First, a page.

Multimodality staging optimizes resectability in patients with pancreatic and ampullary cancer

Am Surg. 1997 Jul;63(7):634-8.


Few patients with pancreatic cancer have resectable disease at the time of diagnosis, and a variety of nonsurgical techniques are available to provide effective palliation of jaundice and pain. Accurate preoperative staging is essential to identify patients with unresectable disease, thereby minimizing unnecessary surgery. Currently used diagnostic tests include contrast-enhanced computerized tomography (CT), visceral angiography, endoscopic ultrasound, and laparoscopy, but their utility remains controversial. To evaluate the accuracy of these various diagnostic tests, 30 consecutive patients with histologically proven pancreatic or ampullary adenocarcinoma treated between 1992 and 1996 were evaluated. All 30 patients had contrast-enhanced CT and laparoscopy, 22 patients (73%) had visceral angiography, and 16 patients (53%) had endoscopic ultrasound. Individual and combined predictive values of resectability and unresectability as well as the sensitivities and specificities were determined for all diagnostic tests and compared with intraoperative findings. When CT, visceral angiography, and laparoscopy were combined, the predictive values of resectability and unresectability were 75 and 90 per cent, respectively, with a sensitivity of 75 per cent and a specificity of 90 per cent. Therefore, the combined use of selected diagnostic tests proved more effective than any single diagnostic test for accurately staging patients with pancreatic head and ampullary cancers and should be considered to minimize unnecessary surgery.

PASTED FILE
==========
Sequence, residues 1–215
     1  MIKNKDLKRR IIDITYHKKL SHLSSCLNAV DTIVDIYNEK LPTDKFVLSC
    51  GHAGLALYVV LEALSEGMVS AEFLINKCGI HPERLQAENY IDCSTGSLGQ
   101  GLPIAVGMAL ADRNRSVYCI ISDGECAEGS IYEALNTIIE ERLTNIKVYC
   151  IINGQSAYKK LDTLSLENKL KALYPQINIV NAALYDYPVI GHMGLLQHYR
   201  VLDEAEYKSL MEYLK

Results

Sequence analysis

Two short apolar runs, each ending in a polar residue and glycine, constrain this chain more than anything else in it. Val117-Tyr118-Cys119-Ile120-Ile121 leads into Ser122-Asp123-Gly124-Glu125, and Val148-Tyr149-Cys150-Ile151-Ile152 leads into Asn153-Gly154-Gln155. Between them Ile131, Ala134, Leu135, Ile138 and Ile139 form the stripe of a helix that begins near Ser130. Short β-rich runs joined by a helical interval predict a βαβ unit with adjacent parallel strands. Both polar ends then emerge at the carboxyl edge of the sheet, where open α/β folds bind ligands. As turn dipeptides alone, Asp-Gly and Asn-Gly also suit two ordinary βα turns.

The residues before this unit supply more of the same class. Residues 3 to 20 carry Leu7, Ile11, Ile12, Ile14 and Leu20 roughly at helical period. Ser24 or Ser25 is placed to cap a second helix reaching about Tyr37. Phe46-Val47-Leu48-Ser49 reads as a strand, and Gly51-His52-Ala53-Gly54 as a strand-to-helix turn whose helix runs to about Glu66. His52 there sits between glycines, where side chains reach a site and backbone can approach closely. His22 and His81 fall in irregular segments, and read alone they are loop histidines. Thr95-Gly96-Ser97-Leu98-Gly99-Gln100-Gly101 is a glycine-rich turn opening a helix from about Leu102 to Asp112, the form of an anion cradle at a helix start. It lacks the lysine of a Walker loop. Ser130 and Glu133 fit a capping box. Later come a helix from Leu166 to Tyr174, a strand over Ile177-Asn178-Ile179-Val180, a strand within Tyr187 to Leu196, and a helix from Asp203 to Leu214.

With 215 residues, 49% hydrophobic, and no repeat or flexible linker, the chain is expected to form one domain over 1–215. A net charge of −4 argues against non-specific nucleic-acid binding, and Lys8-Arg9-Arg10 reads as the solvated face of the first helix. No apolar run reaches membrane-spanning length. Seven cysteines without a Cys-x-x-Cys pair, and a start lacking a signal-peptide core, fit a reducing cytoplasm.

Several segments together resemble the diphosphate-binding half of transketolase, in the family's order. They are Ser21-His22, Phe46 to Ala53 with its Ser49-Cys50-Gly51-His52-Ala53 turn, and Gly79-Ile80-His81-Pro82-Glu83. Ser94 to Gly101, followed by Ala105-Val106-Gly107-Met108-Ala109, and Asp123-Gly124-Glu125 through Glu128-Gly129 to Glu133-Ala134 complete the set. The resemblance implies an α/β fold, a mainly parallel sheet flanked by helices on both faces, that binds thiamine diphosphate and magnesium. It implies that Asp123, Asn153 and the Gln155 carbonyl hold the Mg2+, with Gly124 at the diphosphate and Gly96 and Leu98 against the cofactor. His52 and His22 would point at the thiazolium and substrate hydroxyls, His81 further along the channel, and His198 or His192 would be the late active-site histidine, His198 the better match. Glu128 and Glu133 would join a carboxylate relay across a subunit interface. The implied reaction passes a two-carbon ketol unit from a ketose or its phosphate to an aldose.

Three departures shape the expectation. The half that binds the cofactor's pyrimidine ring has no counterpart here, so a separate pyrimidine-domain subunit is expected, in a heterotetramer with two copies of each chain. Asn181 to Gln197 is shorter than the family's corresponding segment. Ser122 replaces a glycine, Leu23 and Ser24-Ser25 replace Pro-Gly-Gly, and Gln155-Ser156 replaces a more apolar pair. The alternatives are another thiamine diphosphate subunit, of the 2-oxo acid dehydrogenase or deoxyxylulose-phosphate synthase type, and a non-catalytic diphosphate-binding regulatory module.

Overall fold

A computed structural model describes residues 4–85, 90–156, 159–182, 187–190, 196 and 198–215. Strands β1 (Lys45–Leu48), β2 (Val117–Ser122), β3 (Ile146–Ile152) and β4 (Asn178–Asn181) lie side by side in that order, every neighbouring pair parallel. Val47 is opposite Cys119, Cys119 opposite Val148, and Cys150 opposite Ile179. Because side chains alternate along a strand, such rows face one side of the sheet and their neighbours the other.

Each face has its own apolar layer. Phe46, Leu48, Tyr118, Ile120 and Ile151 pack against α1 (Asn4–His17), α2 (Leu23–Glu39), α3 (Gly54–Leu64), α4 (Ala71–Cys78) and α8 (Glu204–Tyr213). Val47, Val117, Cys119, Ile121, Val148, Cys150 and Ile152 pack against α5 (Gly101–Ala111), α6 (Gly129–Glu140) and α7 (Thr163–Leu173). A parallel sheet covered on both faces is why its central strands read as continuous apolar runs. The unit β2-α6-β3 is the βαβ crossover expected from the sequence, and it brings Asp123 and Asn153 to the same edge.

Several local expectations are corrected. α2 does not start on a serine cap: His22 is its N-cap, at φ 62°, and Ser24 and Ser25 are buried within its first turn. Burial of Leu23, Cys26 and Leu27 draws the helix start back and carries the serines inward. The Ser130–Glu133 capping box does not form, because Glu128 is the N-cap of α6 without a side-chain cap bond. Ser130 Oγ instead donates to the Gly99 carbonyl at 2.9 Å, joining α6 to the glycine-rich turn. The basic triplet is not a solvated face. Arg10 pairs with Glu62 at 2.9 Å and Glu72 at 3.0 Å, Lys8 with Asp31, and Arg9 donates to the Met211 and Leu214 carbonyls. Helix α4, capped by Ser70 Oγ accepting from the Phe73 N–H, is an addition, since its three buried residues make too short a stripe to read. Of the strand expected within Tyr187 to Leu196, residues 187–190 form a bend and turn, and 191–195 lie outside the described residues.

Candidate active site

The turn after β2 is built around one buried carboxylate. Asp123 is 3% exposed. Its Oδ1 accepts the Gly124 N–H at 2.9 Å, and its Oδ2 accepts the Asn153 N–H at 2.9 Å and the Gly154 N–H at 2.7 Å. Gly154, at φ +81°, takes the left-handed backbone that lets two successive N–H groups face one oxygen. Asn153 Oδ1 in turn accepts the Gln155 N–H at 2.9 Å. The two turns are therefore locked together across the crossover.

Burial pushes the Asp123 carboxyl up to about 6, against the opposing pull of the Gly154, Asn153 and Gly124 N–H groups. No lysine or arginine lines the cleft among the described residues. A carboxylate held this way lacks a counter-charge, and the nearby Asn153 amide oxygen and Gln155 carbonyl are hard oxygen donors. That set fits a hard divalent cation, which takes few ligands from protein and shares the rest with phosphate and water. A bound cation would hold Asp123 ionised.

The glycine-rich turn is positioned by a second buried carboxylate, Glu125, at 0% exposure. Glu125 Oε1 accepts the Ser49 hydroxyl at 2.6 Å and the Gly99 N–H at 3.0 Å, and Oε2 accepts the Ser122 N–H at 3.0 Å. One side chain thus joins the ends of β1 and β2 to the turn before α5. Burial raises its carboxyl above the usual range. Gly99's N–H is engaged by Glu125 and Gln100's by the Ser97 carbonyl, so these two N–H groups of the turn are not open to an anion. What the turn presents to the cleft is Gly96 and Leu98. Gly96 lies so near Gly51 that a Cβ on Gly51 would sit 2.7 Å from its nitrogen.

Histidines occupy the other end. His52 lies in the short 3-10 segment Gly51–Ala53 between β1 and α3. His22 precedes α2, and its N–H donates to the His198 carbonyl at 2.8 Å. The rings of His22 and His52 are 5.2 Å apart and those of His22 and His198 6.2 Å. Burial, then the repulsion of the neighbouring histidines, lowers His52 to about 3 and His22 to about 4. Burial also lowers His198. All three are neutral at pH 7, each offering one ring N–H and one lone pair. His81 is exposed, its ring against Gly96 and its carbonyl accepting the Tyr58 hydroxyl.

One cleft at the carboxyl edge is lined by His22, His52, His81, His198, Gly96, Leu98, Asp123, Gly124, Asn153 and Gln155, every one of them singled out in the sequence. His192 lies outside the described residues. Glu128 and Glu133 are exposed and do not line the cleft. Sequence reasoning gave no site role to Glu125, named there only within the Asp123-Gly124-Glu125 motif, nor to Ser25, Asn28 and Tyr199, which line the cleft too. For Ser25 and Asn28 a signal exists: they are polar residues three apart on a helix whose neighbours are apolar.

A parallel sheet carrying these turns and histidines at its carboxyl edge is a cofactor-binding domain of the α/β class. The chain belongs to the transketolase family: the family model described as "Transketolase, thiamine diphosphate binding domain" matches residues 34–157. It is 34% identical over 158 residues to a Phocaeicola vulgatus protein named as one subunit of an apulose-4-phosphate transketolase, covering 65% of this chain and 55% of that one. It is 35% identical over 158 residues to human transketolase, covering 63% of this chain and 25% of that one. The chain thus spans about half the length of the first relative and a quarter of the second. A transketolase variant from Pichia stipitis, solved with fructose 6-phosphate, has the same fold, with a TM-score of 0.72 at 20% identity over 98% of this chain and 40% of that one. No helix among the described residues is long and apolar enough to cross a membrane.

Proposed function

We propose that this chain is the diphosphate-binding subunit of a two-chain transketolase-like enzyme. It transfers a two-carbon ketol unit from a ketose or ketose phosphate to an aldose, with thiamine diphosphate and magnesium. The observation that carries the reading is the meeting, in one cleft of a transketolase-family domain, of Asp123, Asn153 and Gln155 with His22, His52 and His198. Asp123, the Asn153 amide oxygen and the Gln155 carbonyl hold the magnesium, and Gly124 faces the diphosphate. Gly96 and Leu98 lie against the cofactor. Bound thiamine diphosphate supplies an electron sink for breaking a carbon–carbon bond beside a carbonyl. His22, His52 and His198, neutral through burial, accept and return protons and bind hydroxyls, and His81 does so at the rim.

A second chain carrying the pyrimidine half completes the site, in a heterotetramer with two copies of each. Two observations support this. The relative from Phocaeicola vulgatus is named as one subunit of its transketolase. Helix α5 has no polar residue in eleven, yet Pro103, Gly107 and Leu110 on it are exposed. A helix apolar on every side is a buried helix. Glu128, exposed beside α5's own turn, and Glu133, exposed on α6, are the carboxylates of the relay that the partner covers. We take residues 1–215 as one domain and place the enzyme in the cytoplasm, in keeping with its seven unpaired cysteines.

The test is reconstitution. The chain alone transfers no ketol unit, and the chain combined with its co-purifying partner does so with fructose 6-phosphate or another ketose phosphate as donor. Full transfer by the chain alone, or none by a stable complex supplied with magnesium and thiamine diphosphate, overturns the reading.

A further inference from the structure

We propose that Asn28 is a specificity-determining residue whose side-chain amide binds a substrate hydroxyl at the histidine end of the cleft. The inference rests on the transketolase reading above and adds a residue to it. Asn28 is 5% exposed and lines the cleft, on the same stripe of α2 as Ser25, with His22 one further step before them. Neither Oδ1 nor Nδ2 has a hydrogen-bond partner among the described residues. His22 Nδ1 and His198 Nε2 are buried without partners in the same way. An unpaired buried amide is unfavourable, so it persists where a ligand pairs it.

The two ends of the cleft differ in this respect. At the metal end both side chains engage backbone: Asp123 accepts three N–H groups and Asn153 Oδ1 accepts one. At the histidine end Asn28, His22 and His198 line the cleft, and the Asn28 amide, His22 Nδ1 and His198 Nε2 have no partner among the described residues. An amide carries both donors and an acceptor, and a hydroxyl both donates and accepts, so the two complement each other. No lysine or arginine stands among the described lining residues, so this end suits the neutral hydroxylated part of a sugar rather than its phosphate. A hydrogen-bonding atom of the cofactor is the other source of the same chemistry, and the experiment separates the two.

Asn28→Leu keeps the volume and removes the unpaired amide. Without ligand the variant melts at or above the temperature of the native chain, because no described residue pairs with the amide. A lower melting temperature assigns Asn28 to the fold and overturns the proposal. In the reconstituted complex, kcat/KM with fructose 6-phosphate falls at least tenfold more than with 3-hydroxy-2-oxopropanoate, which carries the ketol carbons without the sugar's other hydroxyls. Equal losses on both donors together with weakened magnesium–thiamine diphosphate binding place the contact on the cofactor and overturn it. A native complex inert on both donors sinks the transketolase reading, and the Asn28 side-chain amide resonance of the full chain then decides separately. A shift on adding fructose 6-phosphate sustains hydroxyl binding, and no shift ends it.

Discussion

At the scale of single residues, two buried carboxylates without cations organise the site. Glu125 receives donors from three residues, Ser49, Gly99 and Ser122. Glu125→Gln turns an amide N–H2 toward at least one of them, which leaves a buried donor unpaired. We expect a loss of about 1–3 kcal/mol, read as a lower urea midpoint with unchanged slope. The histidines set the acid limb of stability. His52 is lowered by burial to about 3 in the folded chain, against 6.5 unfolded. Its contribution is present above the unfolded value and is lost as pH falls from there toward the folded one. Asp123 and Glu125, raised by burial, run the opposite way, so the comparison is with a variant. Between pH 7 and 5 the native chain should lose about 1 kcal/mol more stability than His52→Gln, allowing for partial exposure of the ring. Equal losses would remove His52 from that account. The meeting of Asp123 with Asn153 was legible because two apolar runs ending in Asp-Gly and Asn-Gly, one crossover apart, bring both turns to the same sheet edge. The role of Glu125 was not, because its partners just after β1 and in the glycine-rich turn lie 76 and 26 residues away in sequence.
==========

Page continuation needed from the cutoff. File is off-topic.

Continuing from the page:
MeSH terms

  • Adenocarcinoma / diagnosis*
  • Adenocarcinoma / pathology
  • Adenocarcinoma / surgery*
  • Angiography
  • Diagnostic Imaging*
  • Endosonography
  • Humans
  • Laparoscopy
  • Neoplasm Staging
  • Pancreatic Neoplasms / diagnosis*
  • Pancreatic Neoplasms / pathology
  • Pancreatic Neoplasms / surgery*
  • Predictive Value of Tests
  • Sensitivity and Specificity
  • Tomography, X-Ray Computed
  • Treatment Outcome